Renunciation is the practice of detachment from desires
Being detached from one’s desires is seen as a sort of freedom, rather than some sort of hardship. Iyengar says that the only way to achieve this is through willpower.
The goal is indifference, and i suppose that means also indifference to the practice itself. This reminds me of Suzuki in Zen Mind, Beginner’s Mind stating that meditation practice should be “nothing special”. It is easy to practice when it goes well, when we achieve that asana or our mind is still during meditation. But it is easy to get discouraged when we are stiff or our mind is noisy. Being indifferent doesn’t mean that we can’t enjoy things. It’s Ok to enjoy the practice, notice that enjoyment, but do not expect it every time, or make that enjoyment the goal of practice. Similarly, it’s Ok to enjoy spending time with your children, but the enjoyment should not be the goal of that interaction, nor should we expect it every time. I find this quite a liberating concept.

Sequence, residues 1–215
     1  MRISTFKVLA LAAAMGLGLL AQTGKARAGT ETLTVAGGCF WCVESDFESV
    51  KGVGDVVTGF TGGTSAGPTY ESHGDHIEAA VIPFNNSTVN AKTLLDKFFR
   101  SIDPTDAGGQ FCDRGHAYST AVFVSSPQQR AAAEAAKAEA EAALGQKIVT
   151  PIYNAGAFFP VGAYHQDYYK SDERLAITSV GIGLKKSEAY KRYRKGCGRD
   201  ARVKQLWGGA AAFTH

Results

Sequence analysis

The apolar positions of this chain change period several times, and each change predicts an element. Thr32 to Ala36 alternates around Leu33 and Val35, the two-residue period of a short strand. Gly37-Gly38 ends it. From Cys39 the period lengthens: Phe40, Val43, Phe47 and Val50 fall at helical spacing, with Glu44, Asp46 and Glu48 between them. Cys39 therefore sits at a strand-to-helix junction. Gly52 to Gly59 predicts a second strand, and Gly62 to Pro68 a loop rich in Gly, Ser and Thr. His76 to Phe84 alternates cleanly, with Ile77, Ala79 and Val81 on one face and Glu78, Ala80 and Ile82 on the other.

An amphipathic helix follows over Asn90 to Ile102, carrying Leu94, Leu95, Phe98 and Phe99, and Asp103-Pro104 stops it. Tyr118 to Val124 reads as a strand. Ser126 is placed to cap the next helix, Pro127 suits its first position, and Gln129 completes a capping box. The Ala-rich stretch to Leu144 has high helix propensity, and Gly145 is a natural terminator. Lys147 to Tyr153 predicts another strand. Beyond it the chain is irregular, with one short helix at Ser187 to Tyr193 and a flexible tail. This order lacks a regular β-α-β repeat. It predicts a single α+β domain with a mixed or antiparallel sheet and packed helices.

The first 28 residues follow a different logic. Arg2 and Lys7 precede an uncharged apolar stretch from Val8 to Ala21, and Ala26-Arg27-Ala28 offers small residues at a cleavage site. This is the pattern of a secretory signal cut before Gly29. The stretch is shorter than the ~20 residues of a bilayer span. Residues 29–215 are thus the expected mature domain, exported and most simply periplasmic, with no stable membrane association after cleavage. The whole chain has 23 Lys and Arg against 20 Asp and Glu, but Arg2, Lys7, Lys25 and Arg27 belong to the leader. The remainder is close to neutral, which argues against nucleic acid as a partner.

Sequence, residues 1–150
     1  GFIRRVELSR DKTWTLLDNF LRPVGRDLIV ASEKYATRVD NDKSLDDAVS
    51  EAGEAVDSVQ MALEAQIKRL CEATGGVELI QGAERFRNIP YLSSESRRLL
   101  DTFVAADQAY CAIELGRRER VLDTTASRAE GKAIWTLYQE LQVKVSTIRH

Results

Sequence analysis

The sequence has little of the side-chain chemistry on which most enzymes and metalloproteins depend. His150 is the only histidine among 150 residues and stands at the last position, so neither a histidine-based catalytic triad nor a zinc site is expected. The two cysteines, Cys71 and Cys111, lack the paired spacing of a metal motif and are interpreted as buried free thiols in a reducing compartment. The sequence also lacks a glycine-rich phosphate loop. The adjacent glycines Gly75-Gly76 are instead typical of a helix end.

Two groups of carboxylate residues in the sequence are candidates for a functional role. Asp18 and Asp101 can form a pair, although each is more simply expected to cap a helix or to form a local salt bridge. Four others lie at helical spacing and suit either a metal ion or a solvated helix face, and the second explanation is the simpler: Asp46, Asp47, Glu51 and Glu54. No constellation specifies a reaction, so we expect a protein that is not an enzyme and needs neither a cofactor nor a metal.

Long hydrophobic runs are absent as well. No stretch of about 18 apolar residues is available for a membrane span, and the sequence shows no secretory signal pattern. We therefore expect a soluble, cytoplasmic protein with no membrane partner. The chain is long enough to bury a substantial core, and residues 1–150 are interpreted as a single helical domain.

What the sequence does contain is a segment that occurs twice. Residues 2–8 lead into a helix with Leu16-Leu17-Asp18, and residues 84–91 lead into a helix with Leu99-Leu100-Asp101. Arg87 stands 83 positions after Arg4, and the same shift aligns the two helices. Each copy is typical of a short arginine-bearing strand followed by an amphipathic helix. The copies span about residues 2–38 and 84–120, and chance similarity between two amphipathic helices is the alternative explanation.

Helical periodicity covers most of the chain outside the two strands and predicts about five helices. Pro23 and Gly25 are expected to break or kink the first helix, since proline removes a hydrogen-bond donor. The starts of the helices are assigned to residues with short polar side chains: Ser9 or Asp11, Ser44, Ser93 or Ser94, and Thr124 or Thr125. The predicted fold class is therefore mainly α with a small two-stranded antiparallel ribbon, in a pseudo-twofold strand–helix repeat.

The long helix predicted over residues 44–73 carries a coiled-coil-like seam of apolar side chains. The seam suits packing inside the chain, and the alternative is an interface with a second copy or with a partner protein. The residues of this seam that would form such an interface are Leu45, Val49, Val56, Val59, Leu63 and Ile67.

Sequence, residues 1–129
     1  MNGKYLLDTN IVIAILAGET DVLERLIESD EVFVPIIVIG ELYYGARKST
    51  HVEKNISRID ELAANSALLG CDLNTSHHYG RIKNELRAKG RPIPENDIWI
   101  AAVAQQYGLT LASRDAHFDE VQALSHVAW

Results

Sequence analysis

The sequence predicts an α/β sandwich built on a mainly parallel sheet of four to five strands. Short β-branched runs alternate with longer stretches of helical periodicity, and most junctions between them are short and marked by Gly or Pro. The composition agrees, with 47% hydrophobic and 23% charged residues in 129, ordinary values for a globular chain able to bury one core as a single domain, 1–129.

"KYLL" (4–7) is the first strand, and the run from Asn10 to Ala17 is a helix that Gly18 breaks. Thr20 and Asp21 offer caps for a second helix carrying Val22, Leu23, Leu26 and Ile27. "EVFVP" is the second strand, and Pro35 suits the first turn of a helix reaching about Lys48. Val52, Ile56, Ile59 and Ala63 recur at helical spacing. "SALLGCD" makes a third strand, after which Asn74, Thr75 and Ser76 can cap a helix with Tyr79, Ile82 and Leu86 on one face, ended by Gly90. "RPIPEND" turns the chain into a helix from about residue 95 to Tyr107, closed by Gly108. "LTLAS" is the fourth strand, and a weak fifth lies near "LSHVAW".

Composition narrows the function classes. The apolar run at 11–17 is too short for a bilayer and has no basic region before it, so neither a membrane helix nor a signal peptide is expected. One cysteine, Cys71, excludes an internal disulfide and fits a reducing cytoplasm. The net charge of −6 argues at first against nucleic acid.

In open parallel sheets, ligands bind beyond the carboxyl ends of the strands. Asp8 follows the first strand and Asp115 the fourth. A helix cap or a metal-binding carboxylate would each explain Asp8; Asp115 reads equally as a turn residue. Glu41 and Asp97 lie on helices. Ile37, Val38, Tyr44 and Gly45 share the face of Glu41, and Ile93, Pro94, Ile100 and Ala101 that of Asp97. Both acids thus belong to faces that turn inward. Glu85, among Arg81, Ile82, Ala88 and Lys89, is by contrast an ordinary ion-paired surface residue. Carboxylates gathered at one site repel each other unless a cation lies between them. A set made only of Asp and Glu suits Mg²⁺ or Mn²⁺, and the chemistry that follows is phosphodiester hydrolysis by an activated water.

The sutra does not explore from what things we should detach ourselves. I suspect it is detachment from everything that we should aspire to, even the practice itself. This is not easy, but perhaps the first step is to notice when we feel attachment to something. Try this in the course of your day – next time you want a chocolate or your child to be better behaved or to have a ‘good’ meditation session (whatever that is) just step back and think “attachment is here”. Surely the first step to detachment is awareness of attachment.